Yes. I got sent home from the Mediterranean and then I got sent to an LST and we got sent out to the Japanese invasion you see. Well, we never would have landed because they would have blown us out the water before we ever got to shore, because all the armament we had was one Oerlikon one side of the bridge and a pom-pom the other side. No 4-inch guns or anything, like the destroyers; they had 4.7’s, twin turrets, 2 for’ard and 1 aft and a 4-inch gun aft. No, they had nothing but when we were steaming through the Red Sea, they dropped the atom bombs. What they done, they’d fit railway lines in there and we was carrying rolling stock from Rangoon and Chittagong back to Singapore. We did that for 6 months and I got sent home.
So tell me about when you first got sent out and joined the Mediterranean fleet.
We was on the Kashmir then and we got sent to Crete. When we got sunk, we were taken to Alexandria. Then we got sent up to a rest camp
When you got sent out to Crete, were you already in the Mediterranean or were you hurried out from Britain?
We were in the home fleet and we sailedThere were battleships, cruisers and destroyers.
Just travelling down the Mediterranean was pretty dangerous.
Did the whole J’s and K’s go?
In our flotilla, there was the Kelly, the Kashmir, the Kipling, the Kelvin, the Kingston and Kandahar, and it was just Kandahar that wasn’t with us. There about 14 destroyers, I suppose.
Did you know what was happening in Crete when you were heading out there?
We knew we were heading for bloody trouble, but that’s all. They didn’t tell you
You didn’t know it was going to be an evacuation at that point?
No, we didn’t know.
Were you hit almost as soon as you got there?
They had dive bombers – Stuka dive bombers.
You were bombarding the aerodrome.
We served a few rounds at a couple of Kayaks along the way.
When you reached Crete, could you tell the battle was raging? Was it a fairly confused situation?
We were quite a way off shore. You couldn’t see a lot and I saw bloody less because I was down the boiler room.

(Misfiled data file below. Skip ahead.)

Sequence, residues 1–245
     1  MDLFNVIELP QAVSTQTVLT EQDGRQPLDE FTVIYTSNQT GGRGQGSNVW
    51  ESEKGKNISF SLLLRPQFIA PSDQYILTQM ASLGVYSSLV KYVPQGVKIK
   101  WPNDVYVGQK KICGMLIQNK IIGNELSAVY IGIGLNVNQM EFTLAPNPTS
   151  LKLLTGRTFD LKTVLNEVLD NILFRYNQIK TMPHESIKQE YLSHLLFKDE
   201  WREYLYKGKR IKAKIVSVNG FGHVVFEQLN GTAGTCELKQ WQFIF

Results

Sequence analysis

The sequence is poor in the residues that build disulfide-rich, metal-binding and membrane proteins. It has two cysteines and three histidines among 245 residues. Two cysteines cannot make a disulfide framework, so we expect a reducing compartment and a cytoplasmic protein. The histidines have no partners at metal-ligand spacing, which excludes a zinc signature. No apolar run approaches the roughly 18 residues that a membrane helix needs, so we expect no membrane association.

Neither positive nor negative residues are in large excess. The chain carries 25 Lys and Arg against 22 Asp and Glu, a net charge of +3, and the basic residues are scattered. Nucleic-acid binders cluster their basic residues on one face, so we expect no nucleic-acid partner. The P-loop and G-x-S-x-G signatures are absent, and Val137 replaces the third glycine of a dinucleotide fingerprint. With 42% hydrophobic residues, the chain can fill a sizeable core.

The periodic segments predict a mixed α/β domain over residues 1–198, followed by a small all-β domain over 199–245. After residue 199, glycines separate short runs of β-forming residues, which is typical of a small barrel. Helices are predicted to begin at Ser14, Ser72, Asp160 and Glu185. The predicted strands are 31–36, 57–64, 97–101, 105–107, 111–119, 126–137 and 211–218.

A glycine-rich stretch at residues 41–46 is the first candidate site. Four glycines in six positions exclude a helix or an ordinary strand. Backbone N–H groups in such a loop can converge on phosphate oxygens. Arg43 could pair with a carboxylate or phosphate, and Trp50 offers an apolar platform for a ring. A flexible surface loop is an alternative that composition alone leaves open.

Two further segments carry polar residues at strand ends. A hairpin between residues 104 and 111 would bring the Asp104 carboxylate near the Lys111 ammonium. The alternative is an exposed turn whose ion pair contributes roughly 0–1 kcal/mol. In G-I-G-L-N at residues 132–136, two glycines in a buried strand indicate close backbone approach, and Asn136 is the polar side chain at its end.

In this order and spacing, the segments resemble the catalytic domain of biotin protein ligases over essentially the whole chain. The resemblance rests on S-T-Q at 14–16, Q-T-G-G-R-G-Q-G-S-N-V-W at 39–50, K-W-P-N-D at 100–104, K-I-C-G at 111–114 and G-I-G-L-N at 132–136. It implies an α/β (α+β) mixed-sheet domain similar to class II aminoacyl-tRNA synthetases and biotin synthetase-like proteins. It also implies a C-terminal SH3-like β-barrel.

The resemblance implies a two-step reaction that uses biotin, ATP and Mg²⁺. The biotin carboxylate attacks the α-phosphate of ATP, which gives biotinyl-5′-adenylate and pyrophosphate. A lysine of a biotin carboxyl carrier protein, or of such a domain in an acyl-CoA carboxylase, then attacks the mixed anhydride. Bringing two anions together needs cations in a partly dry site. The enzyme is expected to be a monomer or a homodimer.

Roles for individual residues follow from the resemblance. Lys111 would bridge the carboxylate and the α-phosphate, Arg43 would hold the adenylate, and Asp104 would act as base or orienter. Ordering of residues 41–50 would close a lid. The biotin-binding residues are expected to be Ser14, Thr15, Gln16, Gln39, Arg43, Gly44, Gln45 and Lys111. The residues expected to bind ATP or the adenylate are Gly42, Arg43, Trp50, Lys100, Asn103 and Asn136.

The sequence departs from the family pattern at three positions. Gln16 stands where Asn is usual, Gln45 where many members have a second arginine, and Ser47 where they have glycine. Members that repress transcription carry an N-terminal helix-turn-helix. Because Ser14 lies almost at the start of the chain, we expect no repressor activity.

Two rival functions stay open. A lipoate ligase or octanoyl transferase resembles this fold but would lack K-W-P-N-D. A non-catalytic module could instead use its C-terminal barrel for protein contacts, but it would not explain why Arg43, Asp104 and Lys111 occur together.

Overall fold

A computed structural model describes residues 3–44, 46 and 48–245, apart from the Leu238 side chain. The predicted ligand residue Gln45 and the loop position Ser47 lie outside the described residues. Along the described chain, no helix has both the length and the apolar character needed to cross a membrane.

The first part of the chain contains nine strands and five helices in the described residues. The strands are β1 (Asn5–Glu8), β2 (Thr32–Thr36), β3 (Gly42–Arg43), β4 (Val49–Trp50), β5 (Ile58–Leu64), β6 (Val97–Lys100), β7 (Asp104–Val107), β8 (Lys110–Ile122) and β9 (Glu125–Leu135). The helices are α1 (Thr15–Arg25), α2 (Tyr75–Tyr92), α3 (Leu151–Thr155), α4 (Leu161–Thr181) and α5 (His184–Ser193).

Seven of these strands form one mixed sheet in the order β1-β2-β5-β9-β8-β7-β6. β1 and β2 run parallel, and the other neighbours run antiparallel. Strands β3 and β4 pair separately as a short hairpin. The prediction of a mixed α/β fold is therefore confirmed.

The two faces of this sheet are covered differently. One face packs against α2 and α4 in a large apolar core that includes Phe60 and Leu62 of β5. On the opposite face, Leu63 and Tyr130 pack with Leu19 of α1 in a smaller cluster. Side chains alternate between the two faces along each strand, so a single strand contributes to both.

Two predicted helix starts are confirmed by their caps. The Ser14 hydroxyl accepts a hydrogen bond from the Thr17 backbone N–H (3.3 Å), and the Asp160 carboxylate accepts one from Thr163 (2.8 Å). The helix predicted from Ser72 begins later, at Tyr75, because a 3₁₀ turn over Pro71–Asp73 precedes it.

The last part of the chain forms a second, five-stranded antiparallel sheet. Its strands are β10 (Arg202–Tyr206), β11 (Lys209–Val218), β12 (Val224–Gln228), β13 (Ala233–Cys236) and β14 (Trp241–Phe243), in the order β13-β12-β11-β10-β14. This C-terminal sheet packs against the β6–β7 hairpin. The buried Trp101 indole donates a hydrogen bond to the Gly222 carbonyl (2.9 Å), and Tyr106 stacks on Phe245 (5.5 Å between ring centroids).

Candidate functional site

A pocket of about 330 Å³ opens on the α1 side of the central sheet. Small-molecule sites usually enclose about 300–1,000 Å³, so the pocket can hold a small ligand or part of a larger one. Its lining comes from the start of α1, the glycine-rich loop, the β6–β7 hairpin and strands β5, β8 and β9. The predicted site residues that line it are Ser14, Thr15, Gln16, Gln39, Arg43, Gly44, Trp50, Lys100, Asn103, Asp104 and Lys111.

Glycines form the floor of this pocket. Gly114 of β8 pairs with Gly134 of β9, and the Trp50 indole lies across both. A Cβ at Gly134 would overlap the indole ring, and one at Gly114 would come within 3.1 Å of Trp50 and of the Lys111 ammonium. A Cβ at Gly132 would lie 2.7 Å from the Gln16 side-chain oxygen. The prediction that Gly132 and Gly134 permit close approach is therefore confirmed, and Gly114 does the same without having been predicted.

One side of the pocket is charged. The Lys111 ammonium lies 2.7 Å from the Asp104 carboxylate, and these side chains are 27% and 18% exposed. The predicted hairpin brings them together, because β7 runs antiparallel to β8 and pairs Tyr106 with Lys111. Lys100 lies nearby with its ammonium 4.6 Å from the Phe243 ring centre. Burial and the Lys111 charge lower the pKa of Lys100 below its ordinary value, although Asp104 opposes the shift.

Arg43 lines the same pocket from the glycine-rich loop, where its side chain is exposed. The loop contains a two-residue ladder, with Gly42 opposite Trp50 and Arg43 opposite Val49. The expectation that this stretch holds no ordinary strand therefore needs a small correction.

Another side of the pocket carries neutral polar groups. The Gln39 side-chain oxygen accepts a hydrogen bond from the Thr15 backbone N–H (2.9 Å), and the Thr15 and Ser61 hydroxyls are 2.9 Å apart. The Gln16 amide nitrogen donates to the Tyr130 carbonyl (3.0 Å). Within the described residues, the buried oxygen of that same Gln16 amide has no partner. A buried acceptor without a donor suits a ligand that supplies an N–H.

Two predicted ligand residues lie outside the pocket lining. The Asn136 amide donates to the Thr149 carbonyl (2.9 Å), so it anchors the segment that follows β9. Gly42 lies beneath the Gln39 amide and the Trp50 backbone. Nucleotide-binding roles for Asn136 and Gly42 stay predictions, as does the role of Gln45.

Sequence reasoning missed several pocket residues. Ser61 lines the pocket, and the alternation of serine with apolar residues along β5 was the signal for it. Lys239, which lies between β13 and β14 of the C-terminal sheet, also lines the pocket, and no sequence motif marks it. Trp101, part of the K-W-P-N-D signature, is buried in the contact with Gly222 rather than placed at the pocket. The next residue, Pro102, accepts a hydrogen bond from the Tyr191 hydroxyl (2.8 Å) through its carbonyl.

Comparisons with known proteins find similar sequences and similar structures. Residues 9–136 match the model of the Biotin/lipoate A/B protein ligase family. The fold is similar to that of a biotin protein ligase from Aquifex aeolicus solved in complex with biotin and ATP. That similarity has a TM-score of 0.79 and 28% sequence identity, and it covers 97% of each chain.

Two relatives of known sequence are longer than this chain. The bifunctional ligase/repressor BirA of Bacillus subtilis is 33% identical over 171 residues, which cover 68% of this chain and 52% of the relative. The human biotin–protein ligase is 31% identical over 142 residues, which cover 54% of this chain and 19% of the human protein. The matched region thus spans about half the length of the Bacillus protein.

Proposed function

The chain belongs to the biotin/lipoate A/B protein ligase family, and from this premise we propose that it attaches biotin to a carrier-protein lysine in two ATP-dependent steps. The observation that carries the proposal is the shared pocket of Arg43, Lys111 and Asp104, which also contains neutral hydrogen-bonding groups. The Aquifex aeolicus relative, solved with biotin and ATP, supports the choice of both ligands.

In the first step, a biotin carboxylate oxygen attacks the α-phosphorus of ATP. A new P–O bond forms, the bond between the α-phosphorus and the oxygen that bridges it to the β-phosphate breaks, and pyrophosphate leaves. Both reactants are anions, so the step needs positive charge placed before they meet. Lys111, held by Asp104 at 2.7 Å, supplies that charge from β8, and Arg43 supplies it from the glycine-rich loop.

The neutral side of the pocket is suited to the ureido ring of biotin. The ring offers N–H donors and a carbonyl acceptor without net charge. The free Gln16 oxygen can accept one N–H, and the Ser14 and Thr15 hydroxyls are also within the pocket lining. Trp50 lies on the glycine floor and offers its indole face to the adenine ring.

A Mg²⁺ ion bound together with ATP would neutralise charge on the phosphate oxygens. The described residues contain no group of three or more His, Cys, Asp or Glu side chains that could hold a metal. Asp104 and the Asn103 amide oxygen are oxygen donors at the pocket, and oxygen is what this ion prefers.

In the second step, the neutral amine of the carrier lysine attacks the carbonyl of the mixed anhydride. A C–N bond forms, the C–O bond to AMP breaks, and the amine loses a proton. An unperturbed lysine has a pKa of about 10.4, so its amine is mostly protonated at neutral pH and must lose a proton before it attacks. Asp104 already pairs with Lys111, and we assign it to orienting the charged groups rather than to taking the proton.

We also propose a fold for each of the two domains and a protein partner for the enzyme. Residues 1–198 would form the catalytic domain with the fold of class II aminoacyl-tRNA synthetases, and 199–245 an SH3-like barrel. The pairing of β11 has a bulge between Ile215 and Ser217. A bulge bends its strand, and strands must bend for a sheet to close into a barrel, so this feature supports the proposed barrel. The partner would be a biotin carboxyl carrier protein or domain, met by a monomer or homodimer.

When you’re in the boiler room, can you hear the guns firing?
Oh yes. Fortunately for me, my watch was over; I’d changed watches and come up to the mess deck, and I suppose about 10 minutes later, she got hit.
Was there any warning? The Stukas were coming over – could you hear them from the mess deck?
Bloody gull motors – you can hear them Nazi bastards.
When you were hit, you were still on the mess deck were you?
No, I was on the upper deck, fortunately.
Why was that? What made you go up to the upper deck?
Well, I happened to be on then upper deck.
Was there a reason why you went up there?
I’d just come off watch.
So you went up to the upper deck to see what was going on?
And that’s when you were hit?
Thenbad days. Then there’s another saying, isn’t there? The devil takes care of his own. I was lucky. You don’t think about it when you’re doing it. If your mate’s injured, you try and help him. It’s only after you think, what a bloody idiot I was. Someone said to me on the Jackal when I went down to get Harry Hayes up, â€œDon’t go down there mate; you’ll never get back up. It’s scalding down there. I said, â€œHe’s my friend and I’m bloody going down there.
You said because of the bombing that all the pipes had burst.
Yes, all the steam pipes burst and the superheated steam, that’ll travel 25,000 feet per second, and that’s faster than light isn’t it?
So you managed to keep yourself afloat in the water all right?
I was a very good swimmer actually, funny considering. There was an island and captain measured it on the range-finder as 5 mile, and they put 3 motor boats down. And I suppose there 20, perhaps more, started off swimming. Only 4 reached the 5 mile, and we turned round and swam back. Only the skipper and me managed it, and we must have been swimming all bloody day, I think. I’d just about had it when I got back, but the skipper got back and showered and changed and he was up on the upper deck when I got back.
It must have been pretty cold?
No, it wasn’t cold. It’s on the bloody Russian convoys you worry about that.
Did you often go on the upper deck just to have a look around?
Yeah, yeah. At the time, I never used to smoke, but they’d go on the upper deck and have a smoke and, of course, I never smoked, I used to hate smoking
Where was all the toilets?
They call them heads.
On the upper deck?
They were undercover.
Yes, but you had to go up to them.
There were no doors to them and then you had the urinals as well.
But if you were in the mess, you’d have to go up so you would have possibly been up then. When you say there were no doors, could you see who was sat there then?